• Displacement

A displacement occurs when investors get infatuated by a new industry paradigm, such as new technology or interest rates that are historically low. A perfect example of displacement is back in 2000-2003when federal interest rates went from 6.5% to 1%. Over these three years the interest rate on 30-year fixed-rate mortgages fell by 2.5 percentage points to a historic lows of 5.21%, which was just the beginning phase for the housing bubble.

  • Boom

Prices rise slowly at first, following a displacement, but then gain significant momentum as more and more participants enter the market having FOMO. During this phase, the asset in attracts wide spread media coverage, like Electric Cars right now. FOMO is what could be an once-in-a-lifetime opportunity spurs more speculation, drawing an increasing number of participants into the fold, which then get burned when the bubble pops.

  • Euphoria

During this phase investors are pouring in large amounts of money into the market which causes prices to skyrocket. Valuations reach all time highs. Right now a lot of investors are coming into the market thinking its easy, anything bought within the last two months has gone up an absurd amount. Airlines,Cruise companies and even rental car companies are on the brink of collapse and people are still buying there stocks days after bankruptcy. this is the kind of stuff that happens during this phase of euphoria. Skill, strategy and money management don’t exist. It’s just about everything going up, all the time. And it’s not going to end well. The saying “Stonks only go up” has came out of this time of euphoria. Euphoria is usually the stage of a “False Bull Market” or a “Dead Cat Bounce” Personally, i think we are in this stage right now and its only a matter of time for the market to pop.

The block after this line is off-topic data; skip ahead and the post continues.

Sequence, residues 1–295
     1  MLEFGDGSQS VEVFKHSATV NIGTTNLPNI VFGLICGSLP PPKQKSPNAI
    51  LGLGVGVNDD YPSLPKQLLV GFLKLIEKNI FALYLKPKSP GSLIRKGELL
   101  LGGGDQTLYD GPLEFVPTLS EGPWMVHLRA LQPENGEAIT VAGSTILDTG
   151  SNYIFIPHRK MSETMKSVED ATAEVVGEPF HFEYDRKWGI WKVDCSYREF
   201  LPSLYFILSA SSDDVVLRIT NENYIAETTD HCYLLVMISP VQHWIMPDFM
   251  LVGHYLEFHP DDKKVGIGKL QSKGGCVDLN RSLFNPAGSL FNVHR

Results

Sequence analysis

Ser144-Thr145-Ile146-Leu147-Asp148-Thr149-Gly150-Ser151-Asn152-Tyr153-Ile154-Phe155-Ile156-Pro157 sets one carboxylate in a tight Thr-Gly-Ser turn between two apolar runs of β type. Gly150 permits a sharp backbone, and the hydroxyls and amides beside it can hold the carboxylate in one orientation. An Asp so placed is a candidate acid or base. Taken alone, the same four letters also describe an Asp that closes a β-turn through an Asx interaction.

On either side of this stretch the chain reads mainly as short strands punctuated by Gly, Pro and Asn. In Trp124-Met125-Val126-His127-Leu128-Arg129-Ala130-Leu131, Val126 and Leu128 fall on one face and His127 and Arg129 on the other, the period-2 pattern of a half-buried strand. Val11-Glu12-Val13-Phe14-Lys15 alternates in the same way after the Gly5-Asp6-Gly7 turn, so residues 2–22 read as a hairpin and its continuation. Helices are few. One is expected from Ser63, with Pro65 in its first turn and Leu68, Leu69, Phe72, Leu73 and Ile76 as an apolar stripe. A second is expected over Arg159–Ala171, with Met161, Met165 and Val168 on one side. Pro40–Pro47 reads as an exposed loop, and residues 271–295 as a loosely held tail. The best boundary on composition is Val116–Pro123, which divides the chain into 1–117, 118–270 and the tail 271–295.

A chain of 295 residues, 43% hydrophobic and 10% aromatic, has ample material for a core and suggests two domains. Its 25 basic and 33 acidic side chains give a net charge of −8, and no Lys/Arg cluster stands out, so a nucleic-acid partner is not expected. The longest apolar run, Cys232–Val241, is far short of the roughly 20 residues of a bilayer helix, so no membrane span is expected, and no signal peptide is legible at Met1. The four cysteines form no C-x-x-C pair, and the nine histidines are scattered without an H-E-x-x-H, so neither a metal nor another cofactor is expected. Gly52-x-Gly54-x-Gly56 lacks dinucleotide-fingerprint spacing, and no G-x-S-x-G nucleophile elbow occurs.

• Profit Taking